The symposium was made up of delegates from 42 countries plus 12 Catholic Institutions and religious congregations, tasked to produce the plan in the light of the Teachings of Pope Francis, the conclusions of the 8 international and continental meetings on the same reality which many of the delegates had also taken part in (I had been involved in the European conference) and their current expertise and experience. I was the only person living and working in England, Ireland, Scotland or Wales.

When Pope Francis came in to meet us, he looked weary and why wouldn’t he after listening to some boring speech or conferring some award perhaps on the previous delegations, his most recent audience had been with the Italian President! They are unavoidable duties of Vatican protocol.  As our spontaneous applause greeted him, his spirits seemed to lift, his face lit with a smile and instead of taking his chair he came over close to where I was sitting and he happily greeted Cardinal Veglio (the head of the Pontifical Council for the Pastoral care of migrants and itinerant people) who was standing nearby.

Then Francis took his seat and the cardinal gave an introduction.  There was a joke, Francis gave a cheerful laugh, and then he listened seriously as our work defending the dignity of the exploited and abused children and women was explained. But it was clear he knew it already. This is a mission that is close to his heart and in the past on several occasions he made statements and has done a lot of action behind the scenes to make church, government leaders and officials wake up and challenged them to address the crisis of many millions of displaced people, migrants and refugees and put ending human trafficking on top of their political and social agenda. Within in this he has called for an end to human trafficking and exploitation of children and women who live on the street, recognising that they are the most vulnerable to human traffickers and exploitation through prostitution.

Pope Francis was well briefed and prepared, his engaged body language and non-verbal responses during the Cardinals presentation of the fruits of our labours indicated his understanding and agreement, and his address to us left with no doubts of the concern he had for women and children on the streets plus his commitment to the churches imperative to address those needs.

We knew from his words, looks and gestures that this rare and unusual meeting with us was a direct endorsement and support of our mission coming straight from the Pope himself. Getting the backing of this man of God and people, with immense popularity and influence was the greatest gift for women and children whose lives are tied to the streets. His words came from the heart more than from the text. He spoke to us with appreciation of commitment “to care for and promote the dignity of these women and children” and encouragement to persevere in our work with “confidence and apostolic zeal” and “not be disheartened by the difficulties and challenges encountered”. He waved his arm, he gestured strongly and his face and voice rang with conviction and the power of love and compassion for the plight experienced by women and children earning a living and/or living on the roads and the streets. He stated that:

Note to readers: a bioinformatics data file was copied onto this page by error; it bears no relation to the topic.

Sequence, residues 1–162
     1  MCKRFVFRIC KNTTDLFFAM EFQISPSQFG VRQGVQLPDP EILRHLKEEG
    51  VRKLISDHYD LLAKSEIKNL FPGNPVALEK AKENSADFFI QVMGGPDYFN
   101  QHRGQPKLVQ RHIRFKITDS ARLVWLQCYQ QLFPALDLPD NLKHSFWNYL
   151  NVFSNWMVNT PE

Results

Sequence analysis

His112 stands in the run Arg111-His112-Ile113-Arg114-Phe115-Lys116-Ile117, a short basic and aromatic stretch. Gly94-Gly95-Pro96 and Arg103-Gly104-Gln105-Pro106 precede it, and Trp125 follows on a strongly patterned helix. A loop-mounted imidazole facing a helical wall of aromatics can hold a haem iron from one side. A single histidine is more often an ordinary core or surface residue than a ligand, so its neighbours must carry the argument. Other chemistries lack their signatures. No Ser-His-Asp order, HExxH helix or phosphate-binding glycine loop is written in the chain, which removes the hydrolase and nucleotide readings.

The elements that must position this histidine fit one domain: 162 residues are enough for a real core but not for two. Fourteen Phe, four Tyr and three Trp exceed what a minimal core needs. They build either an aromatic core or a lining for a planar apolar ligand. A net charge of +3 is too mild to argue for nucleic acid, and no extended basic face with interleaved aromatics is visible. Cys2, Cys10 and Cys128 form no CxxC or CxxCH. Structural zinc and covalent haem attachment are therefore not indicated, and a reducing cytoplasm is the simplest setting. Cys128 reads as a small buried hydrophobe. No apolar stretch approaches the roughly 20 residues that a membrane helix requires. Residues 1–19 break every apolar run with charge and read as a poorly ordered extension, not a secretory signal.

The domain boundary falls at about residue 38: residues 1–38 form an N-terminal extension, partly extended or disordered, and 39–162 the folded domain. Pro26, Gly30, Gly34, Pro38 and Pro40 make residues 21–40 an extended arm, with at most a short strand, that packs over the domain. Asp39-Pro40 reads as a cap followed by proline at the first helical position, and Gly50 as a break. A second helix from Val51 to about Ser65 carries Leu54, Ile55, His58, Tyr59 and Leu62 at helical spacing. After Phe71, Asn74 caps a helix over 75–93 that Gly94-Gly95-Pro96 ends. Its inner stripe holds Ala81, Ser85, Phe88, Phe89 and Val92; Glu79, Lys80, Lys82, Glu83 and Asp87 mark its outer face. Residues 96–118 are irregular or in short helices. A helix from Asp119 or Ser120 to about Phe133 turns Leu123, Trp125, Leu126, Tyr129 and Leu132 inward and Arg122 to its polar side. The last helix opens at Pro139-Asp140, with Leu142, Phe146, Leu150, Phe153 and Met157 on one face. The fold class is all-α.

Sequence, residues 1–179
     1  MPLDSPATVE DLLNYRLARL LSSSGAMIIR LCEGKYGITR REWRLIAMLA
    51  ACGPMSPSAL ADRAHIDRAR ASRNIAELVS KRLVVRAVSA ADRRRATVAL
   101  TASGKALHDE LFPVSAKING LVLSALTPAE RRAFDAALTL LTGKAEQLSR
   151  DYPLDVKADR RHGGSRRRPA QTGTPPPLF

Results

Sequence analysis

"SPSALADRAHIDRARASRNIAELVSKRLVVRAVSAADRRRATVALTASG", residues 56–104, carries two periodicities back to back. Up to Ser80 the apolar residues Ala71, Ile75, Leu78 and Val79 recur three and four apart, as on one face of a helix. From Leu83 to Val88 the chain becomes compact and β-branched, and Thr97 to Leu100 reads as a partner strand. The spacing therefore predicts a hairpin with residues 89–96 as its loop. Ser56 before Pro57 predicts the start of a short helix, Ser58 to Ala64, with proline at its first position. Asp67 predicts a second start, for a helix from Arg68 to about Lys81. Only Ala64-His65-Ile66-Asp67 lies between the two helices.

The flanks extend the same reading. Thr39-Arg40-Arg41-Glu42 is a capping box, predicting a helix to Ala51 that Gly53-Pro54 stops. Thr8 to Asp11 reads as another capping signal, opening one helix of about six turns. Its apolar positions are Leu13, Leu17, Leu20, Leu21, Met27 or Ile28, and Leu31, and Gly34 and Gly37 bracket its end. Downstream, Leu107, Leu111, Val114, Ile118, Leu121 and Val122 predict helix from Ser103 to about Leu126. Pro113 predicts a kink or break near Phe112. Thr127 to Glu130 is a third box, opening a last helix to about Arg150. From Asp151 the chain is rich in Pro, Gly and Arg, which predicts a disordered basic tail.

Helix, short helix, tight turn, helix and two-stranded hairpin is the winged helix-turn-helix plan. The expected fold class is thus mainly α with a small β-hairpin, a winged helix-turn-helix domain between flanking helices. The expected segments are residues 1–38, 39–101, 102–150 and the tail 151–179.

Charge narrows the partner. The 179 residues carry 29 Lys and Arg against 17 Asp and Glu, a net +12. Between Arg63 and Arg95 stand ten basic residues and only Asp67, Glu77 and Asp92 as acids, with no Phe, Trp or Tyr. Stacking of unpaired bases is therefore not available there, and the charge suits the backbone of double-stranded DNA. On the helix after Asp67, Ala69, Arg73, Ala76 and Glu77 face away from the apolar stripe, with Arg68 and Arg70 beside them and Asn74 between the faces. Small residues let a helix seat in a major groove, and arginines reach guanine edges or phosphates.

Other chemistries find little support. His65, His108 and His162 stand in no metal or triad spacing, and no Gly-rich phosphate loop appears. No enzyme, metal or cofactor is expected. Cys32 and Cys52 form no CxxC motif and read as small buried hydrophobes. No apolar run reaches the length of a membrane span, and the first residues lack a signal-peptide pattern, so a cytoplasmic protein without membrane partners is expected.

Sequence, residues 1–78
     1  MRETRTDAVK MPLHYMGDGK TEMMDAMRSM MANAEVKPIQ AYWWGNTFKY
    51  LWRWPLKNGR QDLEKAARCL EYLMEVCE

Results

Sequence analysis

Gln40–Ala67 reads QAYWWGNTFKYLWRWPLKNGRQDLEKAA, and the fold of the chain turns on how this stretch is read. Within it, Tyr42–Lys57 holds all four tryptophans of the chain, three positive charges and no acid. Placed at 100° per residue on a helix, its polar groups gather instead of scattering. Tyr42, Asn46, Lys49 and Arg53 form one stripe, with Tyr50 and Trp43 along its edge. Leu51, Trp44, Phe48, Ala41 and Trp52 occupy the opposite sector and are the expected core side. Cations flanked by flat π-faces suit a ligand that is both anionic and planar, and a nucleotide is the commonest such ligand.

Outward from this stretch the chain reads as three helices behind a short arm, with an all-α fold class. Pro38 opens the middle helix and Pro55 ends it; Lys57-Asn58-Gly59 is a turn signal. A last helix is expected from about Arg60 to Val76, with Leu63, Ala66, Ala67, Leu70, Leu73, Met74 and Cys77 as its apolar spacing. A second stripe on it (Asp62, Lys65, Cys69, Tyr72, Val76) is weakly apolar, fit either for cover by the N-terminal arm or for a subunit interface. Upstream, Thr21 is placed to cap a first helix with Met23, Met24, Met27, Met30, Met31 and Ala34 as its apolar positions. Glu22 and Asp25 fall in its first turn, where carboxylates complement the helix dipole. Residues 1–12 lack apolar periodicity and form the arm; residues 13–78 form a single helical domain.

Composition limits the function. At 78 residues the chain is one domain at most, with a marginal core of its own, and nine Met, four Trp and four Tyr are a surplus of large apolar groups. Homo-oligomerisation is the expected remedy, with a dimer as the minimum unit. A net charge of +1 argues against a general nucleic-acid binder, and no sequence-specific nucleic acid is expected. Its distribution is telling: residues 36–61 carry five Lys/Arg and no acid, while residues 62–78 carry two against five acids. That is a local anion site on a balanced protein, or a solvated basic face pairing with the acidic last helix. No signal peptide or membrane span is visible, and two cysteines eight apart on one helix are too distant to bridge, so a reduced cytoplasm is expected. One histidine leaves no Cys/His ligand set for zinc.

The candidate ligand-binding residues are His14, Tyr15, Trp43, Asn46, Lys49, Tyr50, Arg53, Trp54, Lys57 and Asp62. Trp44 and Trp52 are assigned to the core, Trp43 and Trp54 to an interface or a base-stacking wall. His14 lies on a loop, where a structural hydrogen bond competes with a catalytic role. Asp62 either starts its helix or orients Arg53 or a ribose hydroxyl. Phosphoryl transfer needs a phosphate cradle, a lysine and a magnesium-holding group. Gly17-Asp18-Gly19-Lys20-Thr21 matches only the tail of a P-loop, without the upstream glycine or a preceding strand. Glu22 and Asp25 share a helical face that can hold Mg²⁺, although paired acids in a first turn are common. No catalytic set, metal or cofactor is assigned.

“The Church cannot remain silent, nor can her institutions turn a blind eye to the baneful reality of street children and street women. The Christian community in the various countries needs to be involved at all levels in working to eliminate everything which forces a child or a woman to live on the street or to earn a livelihood on the street. We can never refrain from bringing to all, and especially the most vulnerable and underprivileged, the goodness and the tenderness of God our merciful Father. Mercy is the supreme act by which God comes to meet us; it is the way which opens our hearts to the hope of an everlasting love.”

Finally he ended his address to us with the following blessing:

 “I entrust you and your service to Mary, Mother of Mercy. May the sweetness of her gaze accompany the efforts and firm purpose of those who care for street children and street women. Upon each of you I cordially invoke the Lord’s blessing.”

Despite the contrast of contexts, the connections between the two events are very obvious in terms of the imperative to respond to the plight of the most vulnerable of women and children, but equally in their emphasis on Mercy as the conduit through which to do so.

How does this help to identify “what” is crying out for mercy in our world today?” Or give any clue to “how” we might go about knowing how to respond to that cry.

If we start with the “what”. Some of you might know “The Story of the Other Wise Man” is a short novel or long short story by Henry van Dyke, initially published in 1895 and reprinted many times since then.